7. 7. Major strokes occur when large arteries affect a vast portion of the brain, and can resultin death. Strokes affecting more localized blood vessels damage only small areas of thebrain.How does stroke affect memory?Strokes affecting small areas of the brain may cause cognitive impairment. The cells nolonger function and cannot pass information to other brain cells in their network ofconnections. An accumulation of dead areas from stroke may mimic the symptoms ofearly Alzheimer’s disease.How does stroke differ from Alzheimer’s disease?Because of the difficulty in detecting the difference between stroke (resulting in vasculardementia) and Alzheimer’s disease, healthcare professionals may attribute cognitivedecline to the presence of Alzheimer’s. The subtle difference between the two is shownbelow: Symptom-related Factor Stroke-related Dementia Alzheimer’s DiseaseRate of progression There is a sudden decline There is gradual after stroke diminishing of cognitionCardiovascular risk factors High blood pressure, high Not a major factor concentrations of LDL cholesterolOlder adults may have both Alzheimer’s disease and vascular dementia, but determiningthe primary cause of impairment affects treatment options.What prevention activities can reduce stroke?The risk of stroke can be reduced by: • Maintaining proper blood pressure • Avoiding high levels of fat in the diet • Exercising adequately • Avoiding tobaccoLive Long, Live Well: Steps to Better Health 7Strategies for Cognitive VitalityChapter 2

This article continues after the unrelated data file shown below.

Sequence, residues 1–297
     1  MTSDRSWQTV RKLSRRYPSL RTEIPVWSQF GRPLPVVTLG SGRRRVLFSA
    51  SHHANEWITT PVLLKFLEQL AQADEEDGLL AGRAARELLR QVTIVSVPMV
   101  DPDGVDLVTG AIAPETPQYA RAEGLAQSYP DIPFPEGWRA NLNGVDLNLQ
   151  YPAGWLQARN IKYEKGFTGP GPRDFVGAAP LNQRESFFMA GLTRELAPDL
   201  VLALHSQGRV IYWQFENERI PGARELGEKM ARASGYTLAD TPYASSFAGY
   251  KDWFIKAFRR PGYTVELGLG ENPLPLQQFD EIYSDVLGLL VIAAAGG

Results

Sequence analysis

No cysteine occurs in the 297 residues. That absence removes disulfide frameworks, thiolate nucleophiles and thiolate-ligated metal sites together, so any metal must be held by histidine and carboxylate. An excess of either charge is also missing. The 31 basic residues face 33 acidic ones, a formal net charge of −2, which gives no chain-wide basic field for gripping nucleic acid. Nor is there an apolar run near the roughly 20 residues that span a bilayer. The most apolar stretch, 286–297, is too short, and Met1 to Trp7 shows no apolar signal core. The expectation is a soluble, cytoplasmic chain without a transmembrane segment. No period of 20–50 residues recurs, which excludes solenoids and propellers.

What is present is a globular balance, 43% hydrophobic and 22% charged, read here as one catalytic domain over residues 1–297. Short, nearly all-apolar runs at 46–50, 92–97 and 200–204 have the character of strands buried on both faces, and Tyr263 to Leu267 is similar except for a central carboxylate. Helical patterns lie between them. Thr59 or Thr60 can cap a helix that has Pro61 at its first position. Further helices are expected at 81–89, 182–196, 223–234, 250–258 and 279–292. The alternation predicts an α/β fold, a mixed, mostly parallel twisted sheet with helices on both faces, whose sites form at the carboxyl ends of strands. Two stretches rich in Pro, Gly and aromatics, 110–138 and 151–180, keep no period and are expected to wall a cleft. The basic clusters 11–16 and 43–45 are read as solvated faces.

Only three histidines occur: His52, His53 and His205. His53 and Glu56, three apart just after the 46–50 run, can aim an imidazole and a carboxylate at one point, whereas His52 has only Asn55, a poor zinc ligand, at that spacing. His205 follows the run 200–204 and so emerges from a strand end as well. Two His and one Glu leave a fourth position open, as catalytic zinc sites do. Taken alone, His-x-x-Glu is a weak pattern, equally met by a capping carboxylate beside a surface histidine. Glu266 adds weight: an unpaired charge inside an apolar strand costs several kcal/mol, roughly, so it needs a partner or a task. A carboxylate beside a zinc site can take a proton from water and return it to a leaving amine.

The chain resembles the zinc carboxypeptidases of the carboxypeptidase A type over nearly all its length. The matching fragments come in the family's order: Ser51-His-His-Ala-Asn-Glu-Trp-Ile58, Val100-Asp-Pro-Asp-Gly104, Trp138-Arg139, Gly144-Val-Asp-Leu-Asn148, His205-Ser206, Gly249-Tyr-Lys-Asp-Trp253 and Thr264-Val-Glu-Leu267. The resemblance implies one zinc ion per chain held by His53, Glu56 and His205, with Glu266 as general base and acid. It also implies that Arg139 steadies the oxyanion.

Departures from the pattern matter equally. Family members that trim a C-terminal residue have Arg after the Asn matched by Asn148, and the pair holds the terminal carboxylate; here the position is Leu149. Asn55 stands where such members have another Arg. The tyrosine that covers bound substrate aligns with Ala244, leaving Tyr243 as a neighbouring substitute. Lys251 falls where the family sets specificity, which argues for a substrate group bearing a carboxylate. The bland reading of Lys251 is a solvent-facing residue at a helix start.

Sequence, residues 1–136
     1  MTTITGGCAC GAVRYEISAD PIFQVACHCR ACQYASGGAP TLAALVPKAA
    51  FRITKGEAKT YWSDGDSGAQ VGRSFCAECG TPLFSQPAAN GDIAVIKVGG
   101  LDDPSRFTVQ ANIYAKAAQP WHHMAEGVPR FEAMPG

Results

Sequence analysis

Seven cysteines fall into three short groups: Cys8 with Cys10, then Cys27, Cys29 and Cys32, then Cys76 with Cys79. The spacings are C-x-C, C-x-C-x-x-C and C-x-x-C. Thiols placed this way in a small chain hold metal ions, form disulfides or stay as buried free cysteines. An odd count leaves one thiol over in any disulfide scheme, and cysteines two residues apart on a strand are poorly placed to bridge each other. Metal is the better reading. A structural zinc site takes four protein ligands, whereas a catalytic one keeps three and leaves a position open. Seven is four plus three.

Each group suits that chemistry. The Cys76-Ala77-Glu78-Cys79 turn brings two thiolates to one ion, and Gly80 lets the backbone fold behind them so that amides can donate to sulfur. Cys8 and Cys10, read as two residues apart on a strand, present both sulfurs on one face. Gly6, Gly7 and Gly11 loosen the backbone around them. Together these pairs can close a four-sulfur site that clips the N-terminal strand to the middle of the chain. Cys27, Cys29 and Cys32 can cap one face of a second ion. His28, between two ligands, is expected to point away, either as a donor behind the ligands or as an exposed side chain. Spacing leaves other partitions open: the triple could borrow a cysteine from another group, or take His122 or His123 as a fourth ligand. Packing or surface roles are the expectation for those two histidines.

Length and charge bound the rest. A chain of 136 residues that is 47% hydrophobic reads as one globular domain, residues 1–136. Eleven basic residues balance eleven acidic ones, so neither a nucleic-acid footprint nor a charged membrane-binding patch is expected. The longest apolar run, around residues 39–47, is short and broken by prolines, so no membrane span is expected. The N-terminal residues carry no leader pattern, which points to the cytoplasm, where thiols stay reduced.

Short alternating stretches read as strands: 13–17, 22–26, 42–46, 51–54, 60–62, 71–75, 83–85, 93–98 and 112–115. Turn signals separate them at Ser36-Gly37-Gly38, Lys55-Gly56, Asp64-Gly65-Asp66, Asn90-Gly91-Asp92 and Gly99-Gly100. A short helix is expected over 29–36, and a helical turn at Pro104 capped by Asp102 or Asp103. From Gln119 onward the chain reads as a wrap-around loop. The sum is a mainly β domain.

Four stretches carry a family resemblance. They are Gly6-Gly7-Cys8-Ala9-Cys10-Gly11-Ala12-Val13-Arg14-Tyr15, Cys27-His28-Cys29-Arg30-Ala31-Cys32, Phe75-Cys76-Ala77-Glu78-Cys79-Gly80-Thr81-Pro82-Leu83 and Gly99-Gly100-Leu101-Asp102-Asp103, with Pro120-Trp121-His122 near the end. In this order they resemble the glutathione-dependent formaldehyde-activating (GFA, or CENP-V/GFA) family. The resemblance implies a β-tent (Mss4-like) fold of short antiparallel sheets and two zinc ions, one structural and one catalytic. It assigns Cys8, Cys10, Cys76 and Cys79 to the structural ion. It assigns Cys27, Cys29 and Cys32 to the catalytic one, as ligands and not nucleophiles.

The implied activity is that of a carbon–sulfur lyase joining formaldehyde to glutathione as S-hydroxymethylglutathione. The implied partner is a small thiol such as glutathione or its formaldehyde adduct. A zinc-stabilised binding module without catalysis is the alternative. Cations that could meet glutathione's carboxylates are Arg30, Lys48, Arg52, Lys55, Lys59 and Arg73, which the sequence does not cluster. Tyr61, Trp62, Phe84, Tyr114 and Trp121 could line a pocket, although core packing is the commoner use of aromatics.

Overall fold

8. 8. Damaging Health Behaviors • Lack of Physical Activity Of the U.S. population over age 50, 34 percent are sedentary. Thirty-three percent of men and 50 percent of women ages 75 and older do not participate in leisure-time physical activity. How Physical Activity Works Physical activity increases direct blood flow to the brain and lowers the level of harmful stress hormones called cortisol. It also activates neurological and endocrinological secretions, one of which is norepinephrine. Norepinephrine is a neurotransmitter that carries the electrical stimulation that creates new memories, and plays a significant role in moving memories from short-term to long-term storage. Norepinephrine is also involved in the regulation of pleasure pathways and mood. Physical activity increases the supply of this mood-enhancing neurotransmitter, helping to dispel depression. Physical activity is also a stress buffer. Active people decrease their vulnerability to stress. Many people experience an elevated mood for as long as four hours after physical activity. For people who have primarily physical reactions to stress, this is an especially effective benefit, because it not only provides relaxation via mood enhancement, but also increases blood flow to the brain. • Poor Nutrition The National Institutes of Health (NIH) directly relates 30 percent of deaths from cardiovascular disease to diet. As indicated above, vascular disease contributes to cognitive decline. The American diet consists of 58 percent sugar and fat. This high percentage results in increased caloric intake and reduced healthy nutritional content. Generally, eating five or more servings of fruits or vegetables per day will help provide the needed nutrition for maintaining body function. Only 9 percent of Americans follow this recommended five-a-day eating routine. How Nutrition Affects the Brain Within the brain, poor nutrition can cause impairment of blood circulation important in supplying neurons (brain cells) with the “building materials” they require for proper function. Damage to blood vessels’ interior lining caused by normal wear and tear, or injury from stress and elevated blood pressure, increases significantly with high concentrations of fatty acids in the bloodstream. The fatty acids, sugars and starches work their way intoLive Long, Live Well: Steps to Better Health 8Strategies for Cognitive VitalityChapter 2